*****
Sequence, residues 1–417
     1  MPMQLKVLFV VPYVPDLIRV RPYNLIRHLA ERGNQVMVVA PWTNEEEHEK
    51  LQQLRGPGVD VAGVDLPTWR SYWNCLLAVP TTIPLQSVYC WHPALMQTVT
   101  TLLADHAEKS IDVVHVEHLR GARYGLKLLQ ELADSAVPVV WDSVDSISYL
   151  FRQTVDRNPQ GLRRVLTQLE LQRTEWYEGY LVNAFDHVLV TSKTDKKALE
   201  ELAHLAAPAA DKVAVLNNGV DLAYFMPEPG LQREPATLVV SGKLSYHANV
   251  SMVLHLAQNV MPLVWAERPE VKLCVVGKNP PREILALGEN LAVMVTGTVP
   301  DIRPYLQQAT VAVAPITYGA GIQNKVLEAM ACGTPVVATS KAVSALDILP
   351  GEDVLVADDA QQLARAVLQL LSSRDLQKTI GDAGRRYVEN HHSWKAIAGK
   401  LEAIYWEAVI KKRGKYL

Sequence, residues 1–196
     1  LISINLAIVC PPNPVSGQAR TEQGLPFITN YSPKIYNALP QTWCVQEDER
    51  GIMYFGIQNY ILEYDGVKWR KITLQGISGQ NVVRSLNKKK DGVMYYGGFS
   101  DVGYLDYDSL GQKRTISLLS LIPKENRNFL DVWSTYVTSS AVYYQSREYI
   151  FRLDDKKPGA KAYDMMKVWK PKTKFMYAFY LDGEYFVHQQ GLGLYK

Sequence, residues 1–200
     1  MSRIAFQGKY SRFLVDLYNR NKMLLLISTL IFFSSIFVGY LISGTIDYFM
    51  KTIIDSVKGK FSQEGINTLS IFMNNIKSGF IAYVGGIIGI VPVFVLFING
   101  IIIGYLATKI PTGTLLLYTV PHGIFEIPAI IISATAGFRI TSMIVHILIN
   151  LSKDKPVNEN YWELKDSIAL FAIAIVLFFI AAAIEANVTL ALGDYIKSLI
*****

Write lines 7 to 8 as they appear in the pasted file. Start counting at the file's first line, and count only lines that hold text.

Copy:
   251  SMVLHLAQNV MPLVWAERPE VKLCVVGKNP PREILALGEN LAVMVTGTVP
   301  DIRPYLQQAT VAVAPITYGA GIQNKVLEAM ACGTPVVATS KAVSALDILP